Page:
The state of long-term oxygen therapy

The Long Term Oxygen Therapy (LTOT) Conference; Separating Fact From Fiction was held in Orlando, Florida from March 31 to April 1. The attending faculty consisted of some of the most respected pulmonologists and clinicians across the country. The main objectives of the meeting was to identify the issues of effective oxygen therapy in the home, focusing on the science of LTOT and improving the outcomes of LTOT patients.

The conference starts with the presentations by Dr. Nick Hill and Dr. Barry Make. They are the conference co-directors and their presentations talked about the current issues and the obstacles of LTOT. It was shown that clinicians had not been very involved in the assessment, treatment and follow up of LTOT patients. This lack of attention ended up costing a lot of complications and hospitalizations of the patients.

As presented by Dr. Hill, the primary goal of LTOT is to keep the patients' oxygen levels at or above the accepted standards at all activity levels. As the result of the lack of attention to detail, this leads to complications when the main point of LTOT is to prevent these complications from happening.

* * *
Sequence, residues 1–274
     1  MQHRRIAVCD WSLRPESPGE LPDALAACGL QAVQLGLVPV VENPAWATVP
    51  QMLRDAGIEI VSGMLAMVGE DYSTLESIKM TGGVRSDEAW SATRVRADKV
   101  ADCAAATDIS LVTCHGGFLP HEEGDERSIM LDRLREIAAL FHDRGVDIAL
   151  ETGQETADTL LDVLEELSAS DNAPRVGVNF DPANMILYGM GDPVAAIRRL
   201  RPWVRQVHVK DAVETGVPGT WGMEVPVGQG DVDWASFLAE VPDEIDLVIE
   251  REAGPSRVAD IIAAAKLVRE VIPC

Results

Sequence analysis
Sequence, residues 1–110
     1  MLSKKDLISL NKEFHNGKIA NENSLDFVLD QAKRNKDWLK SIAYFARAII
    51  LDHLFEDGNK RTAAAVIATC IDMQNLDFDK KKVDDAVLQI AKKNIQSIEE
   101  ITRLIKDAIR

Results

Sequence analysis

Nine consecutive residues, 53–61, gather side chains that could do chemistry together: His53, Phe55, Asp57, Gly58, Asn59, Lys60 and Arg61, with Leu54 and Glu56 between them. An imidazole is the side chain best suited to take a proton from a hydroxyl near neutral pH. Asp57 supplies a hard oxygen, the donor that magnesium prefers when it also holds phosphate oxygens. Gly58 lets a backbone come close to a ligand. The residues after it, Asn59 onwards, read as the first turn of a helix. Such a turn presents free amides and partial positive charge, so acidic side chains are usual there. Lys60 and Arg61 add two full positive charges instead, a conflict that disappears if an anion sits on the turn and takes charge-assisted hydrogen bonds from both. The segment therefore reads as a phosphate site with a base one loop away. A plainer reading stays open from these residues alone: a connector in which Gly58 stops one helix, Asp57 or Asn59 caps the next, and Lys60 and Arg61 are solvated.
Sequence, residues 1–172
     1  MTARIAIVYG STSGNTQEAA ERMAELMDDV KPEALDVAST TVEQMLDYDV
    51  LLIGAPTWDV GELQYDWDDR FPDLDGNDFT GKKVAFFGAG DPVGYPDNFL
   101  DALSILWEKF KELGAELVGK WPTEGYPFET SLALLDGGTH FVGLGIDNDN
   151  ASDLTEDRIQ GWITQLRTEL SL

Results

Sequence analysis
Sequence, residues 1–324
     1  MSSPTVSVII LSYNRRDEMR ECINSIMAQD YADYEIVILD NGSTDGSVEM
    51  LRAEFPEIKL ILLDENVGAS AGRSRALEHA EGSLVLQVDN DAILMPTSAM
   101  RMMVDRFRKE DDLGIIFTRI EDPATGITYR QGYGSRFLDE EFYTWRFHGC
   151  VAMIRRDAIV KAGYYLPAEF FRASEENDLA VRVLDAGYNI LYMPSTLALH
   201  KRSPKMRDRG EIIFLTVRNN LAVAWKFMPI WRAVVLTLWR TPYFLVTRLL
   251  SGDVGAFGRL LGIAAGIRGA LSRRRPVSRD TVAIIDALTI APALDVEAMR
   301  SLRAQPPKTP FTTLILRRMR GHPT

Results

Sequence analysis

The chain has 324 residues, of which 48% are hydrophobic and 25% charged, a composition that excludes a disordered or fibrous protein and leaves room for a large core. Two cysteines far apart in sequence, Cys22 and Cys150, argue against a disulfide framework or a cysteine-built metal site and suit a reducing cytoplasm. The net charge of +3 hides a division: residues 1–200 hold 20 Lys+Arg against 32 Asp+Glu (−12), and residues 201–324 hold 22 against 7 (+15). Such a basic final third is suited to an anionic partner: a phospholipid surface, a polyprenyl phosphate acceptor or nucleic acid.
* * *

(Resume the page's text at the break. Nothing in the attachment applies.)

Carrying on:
Dean Hess PhD RRT then presented a review of the literature for LTOT. The literature review concluded that the oxygen therapy is effective, yet most of the studies being conducted were in a hospital setting with traditional continuous flow products. This contradicts with the new products being used today. Hence, the research data does not justify the effectiveness of the new products being used today.

Next, an overview on the availability of home oxygen systems are being presented by Dr. James Stoller. The new products, with a lower purity, intermittent flow delivery and patient varying respiratory patterns requires a more hands-on approach from the clinicians in caring for the patients receiving oxygen in the home.

Dr. Rich Casaburi brought up a thought-provoking question. The question being whether or not a patient could be adequately oxygenated 24 hours a day. This is not a reality yet, but is a possibility.

A new model that focuses on patient's oxygenation with the goal of overall reduction in costs are being presented by Dan Easley and Kim Wiles RRT. The data from their research presents a sounding objective reason for which hospitals should participate with home care providers in reducing re-admission of the patients currently on LTOT.

Hence, an overall recap of the conference dealt with the issues surrounding LTOT patients and steps that need to be taken by both clinicians and health care specialists in ensuring the clinical effectiveness of LTOT.